Arriving at the Plaza Central it’s obvious how important the huge church for the place is. A steady stream of people going in’n’out, a whole bunch of shops selling all kinds of religious accessories, and the church bells remembering of their existence from 5.30 am onwards. And the Plaza in front of the church the place to be, and especially to sip’n’munch something.
A stroll thru Girón’s alleys to admire these beautifully restored colonial houses. Nevertheless, don’t walk too far – suddenly you find yourself in the modern, but very ugly part of town. And you’ve lost all illusion of a medieval place, where you’ll encounter a knight singing the latest Spotify hits for his beloved 1 … whatever.
And that’s all? Of course, not. Need to add the Saxo Pub. The very best place in town to sip a craft beer on its 1st-floor terrace.
Mesa de Santos, 11th March
South of Girón we’re approaching Cañon de Chichamocha. It’s said to be the 2nd largest in the world. And 1 of the must-have-seen sights in Colombia.
Ok, for that adventure we need reasonable weather. Forecast is more or less ok, maybe showers in the late afternoon. After some research, we even find on Airbnb the ultimate place to stay. Straight on the escarpment of the Mesa de Santos. Some 800m above the river. True, it’s a bit of a splurge – but a splurge you can probably not afford anywhere else in the world. More about this a little later.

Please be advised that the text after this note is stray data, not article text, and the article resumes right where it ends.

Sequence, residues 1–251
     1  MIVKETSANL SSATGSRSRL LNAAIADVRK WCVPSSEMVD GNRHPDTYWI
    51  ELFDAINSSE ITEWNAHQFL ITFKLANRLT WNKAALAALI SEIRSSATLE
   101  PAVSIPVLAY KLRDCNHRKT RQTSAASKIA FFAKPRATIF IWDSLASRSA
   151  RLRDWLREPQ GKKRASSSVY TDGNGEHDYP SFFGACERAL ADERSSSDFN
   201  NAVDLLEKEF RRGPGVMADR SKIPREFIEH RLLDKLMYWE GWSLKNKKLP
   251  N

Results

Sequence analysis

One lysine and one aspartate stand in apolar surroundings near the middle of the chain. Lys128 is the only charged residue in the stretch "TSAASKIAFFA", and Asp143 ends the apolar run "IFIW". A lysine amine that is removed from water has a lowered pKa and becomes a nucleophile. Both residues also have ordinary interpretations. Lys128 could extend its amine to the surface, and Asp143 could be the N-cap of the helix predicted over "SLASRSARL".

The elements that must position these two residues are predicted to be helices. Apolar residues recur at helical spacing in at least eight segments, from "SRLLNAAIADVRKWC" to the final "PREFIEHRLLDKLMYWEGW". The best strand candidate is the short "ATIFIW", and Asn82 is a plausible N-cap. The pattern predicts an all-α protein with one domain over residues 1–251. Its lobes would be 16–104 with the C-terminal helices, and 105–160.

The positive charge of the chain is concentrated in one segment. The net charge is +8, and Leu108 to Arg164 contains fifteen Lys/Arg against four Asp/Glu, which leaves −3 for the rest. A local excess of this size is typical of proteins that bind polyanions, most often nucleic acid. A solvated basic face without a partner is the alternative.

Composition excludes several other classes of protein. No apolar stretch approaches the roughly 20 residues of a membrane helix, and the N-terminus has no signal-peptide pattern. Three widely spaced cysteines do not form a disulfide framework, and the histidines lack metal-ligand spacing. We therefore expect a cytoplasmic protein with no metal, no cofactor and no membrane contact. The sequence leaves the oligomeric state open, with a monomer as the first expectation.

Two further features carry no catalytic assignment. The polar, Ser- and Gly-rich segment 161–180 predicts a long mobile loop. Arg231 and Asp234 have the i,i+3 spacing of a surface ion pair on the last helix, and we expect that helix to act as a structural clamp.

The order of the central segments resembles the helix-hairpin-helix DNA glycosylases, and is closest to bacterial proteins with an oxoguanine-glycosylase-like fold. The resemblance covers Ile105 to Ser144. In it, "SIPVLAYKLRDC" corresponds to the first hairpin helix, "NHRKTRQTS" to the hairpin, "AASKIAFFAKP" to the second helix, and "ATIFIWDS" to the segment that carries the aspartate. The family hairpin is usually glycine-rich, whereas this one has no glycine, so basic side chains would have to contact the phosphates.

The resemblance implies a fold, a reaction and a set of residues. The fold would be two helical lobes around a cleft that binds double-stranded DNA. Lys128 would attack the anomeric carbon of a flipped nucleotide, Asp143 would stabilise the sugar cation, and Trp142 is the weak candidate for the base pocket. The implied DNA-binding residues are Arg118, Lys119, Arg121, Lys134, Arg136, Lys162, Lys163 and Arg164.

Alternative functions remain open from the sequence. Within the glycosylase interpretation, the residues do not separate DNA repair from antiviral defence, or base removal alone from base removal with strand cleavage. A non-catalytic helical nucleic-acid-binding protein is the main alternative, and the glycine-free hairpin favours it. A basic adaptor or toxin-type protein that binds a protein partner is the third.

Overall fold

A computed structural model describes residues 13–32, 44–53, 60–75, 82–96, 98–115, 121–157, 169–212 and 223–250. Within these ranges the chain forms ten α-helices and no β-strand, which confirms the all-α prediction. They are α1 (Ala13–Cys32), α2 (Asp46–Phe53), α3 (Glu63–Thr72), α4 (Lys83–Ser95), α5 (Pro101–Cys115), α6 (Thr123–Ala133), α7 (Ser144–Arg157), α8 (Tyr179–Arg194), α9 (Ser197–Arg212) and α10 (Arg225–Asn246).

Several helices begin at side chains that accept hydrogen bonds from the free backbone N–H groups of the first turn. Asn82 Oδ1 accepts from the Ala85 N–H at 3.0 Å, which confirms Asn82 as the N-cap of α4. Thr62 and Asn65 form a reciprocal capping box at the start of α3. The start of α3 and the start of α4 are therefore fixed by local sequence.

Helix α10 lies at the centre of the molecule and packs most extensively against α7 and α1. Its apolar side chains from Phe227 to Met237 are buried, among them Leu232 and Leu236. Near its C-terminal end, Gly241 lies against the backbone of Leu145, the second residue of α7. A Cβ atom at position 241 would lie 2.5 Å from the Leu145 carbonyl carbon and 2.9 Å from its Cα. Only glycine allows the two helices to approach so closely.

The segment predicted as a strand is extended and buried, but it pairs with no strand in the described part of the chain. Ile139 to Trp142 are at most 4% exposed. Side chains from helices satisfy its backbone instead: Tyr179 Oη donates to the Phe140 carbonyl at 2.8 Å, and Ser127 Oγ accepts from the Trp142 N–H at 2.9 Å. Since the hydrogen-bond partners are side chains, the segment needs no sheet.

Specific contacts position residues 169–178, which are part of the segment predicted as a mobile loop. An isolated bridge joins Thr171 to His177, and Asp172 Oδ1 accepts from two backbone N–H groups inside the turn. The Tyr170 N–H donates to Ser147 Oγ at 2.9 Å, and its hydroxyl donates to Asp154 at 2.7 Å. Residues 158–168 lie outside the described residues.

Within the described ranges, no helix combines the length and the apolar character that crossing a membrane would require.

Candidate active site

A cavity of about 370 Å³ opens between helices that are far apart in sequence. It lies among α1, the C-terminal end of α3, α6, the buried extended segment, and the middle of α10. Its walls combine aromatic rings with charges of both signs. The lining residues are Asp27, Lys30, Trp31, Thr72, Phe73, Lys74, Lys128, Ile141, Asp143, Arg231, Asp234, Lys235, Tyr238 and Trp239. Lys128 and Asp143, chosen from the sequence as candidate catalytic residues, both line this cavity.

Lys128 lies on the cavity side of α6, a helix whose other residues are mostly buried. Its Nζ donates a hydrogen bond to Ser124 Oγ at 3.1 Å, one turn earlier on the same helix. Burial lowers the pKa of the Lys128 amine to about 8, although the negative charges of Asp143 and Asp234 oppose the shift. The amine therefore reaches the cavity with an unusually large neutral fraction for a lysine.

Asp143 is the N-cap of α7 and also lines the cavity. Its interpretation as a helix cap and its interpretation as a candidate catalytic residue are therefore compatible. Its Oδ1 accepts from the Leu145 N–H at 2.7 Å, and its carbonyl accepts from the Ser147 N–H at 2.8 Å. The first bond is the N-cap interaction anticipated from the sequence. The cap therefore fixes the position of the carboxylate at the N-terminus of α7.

We’re on the way to the canyon. Well, to start with to a side branch of it. To Zapatoca.
The drive is quite spectacular. A steep and winding road down to the river, then up on the other side. The proof that in Colombia it may be 10km as the crow flies, but 80 km as the car drives. Even if the road may look a little scary to poor American tourists used to their highways – be sure, they try to give you all protection you may need.
Zapatoca. Another colonial village high up on a plateau. Immediately you think how remote this area must be. Nevertheless, obviously, it’s a popular weekend retreat for Bucaramangies to escape the heat.
As usual, the village is dominated by a huge church on the main square.
A place to sneak around for an hour or so, then to drive on.
We drive back. Again, down to the river, on the other side up to Mesa de Santos. Unfortunately, the direct road to the escarpment is extremely bad. Finally, we’re on the way back to Girón, then another road up to our ultimate place on the top of the escarpment of Cañon Chichamocha. Our splurge.
This story and much more – in our next post. No worries, they’ll be released soon.